Greenland and the Faroes are autonomous jurisdictions within the Danish Realm, having undertaken ... Atuaruk
Greenland and the Faroes are autonomous jurisdictions within the Danish Realm, having undertaken a continuous process of extended self-determination in the post-WWII era. In both jurisdictions there are strong movements of secession and counter-secession, whose respective strengths are largely achieved through external relations. This paper will first provide an introduction to the historical background and the formal relationship between the two jurisdictions and their metropolitan state. We will then extend the two cases with a description of how increased internal autonomy has evolved in a dynamic interaction with changes in international affairs. Whether the two jurisdictions may move towards full secession or new forms of unity is difficult to predict, but external relations keep on pushing at the formal structures and limits of the realm, which we will briefly reflect upon in the final section.
Iceland, Greenland and the Faroe Islands have in common their history as Danish dependencies with ... Atuaruk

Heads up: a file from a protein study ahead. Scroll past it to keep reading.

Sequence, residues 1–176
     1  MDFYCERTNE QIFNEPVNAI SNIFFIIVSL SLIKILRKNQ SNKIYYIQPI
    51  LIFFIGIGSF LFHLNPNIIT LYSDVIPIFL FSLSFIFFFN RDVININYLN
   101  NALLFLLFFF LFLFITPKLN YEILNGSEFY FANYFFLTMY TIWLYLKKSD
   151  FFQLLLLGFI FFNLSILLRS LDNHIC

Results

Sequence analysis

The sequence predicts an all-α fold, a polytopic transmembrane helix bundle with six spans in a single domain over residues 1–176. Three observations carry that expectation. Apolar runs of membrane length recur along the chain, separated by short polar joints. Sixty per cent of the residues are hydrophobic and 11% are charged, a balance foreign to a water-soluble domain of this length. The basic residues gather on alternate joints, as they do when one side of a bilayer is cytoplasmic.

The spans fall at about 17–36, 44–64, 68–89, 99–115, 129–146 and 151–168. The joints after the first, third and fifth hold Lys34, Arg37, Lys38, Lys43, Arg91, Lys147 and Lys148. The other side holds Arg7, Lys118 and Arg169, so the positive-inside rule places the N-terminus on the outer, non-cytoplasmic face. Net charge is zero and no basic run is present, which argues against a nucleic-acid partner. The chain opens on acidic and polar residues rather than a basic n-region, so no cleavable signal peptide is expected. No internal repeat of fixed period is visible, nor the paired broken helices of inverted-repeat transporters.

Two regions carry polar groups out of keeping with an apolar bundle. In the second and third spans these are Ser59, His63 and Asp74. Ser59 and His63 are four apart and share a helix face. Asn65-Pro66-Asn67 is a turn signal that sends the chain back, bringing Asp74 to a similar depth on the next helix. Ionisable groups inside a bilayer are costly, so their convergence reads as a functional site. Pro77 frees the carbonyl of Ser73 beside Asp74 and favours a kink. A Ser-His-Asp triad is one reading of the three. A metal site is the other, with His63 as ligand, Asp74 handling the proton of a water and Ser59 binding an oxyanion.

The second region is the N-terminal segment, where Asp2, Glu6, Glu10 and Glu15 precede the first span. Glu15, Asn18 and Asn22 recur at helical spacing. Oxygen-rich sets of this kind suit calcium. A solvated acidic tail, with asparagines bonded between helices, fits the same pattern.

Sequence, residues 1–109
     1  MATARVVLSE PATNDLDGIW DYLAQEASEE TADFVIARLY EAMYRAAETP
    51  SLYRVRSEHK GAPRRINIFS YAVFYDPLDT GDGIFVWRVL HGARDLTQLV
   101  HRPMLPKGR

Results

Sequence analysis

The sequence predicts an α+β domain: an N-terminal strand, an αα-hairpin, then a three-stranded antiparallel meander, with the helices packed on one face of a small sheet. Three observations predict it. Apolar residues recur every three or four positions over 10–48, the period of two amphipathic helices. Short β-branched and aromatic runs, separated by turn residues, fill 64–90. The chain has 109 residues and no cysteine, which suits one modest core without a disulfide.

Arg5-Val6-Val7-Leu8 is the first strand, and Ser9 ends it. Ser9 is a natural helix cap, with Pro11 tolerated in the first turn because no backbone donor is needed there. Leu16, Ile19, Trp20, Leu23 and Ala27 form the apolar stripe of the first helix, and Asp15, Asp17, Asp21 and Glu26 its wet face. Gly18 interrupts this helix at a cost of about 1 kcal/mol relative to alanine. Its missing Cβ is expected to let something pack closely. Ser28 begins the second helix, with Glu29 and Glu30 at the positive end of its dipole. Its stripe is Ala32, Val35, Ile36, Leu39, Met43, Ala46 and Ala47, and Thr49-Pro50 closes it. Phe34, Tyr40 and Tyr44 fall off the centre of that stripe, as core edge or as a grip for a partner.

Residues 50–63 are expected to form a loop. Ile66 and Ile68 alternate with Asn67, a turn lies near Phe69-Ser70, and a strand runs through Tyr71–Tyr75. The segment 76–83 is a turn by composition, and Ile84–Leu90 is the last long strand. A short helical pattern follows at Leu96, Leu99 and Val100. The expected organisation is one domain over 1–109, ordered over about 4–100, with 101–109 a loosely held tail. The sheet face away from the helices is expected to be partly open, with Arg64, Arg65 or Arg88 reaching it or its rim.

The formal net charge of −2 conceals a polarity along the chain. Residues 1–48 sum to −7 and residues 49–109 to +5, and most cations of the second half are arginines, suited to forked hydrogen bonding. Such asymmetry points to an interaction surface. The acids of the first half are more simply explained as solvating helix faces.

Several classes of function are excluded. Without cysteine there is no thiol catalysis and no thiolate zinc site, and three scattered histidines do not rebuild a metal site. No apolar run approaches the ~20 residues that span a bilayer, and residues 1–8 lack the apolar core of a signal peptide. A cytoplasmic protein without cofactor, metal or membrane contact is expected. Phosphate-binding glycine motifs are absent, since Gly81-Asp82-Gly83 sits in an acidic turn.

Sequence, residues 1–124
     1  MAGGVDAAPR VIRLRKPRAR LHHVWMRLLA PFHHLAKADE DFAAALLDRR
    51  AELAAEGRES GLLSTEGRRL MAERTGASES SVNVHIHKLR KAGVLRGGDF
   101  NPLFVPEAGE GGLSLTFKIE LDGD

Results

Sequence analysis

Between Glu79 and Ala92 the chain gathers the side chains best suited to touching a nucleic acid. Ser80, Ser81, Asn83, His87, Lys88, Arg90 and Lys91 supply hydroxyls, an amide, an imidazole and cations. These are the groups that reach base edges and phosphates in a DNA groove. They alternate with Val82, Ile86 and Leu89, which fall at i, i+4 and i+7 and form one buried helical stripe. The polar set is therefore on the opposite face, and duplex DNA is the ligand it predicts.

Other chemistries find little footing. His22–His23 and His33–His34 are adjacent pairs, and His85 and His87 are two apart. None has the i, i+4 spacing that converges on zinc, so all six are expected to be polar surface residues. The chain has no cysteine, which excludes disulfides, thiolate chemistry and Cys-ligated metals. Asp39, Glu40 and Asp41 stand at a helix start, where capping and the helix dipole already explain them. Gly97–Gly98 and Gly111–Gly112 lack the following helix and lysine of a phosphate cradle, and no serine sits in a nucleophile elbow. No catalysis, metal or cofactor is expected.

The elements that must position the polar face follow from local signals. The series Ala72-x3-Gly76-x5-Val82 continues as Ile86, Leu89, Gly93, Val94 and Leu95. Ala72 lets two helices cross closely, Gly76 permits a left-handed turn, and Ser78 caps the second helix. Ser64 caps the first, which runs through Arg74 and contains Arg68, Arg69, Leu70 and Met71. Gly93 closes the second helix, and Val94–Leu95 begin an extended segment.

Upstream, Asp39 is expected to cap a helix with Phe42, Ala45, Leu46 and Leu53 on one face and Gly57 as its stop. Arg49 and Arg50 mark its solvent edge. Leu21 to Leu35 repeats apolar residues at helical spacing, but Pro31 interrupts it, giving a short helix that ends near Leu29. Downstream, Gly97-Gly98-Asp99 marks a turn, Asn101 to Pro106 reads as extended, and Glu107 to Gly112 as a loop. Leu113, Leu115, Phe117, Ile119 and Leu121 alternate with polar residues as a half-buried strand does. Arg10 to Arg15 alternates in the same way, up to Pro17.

Iceland, Greenland and the Faroe Islands have in common their history as Danish dependencies within a historically and geographically coherent region. The complex aftermaths of Denmark’s sovereignty over its North Atlantic territories and their ongoing nation building processes lie at the core of this book. Today, we are witnessing region building processes beyond bilateral links to Denmark. How do the countries position themselves, individually and collectively, vis-à-vis the European metropolitan centres, a larger transcontinental North Atlantic region, the 'hot' Arctic, and global histories of colonialism and decolonisation? By examining the region from cultural, literary, historical, political, anthropological and linguistic perspectives, the articles in this book shed light on Nordic colonialism and its understanding as 'exceptional', and challenge and modify established notions of postcolonialism. Iceland, Greenland and the Faroe Islands are shown to be both the (former) subjects as well as the producers of cultural hierarchisations in an entangled world.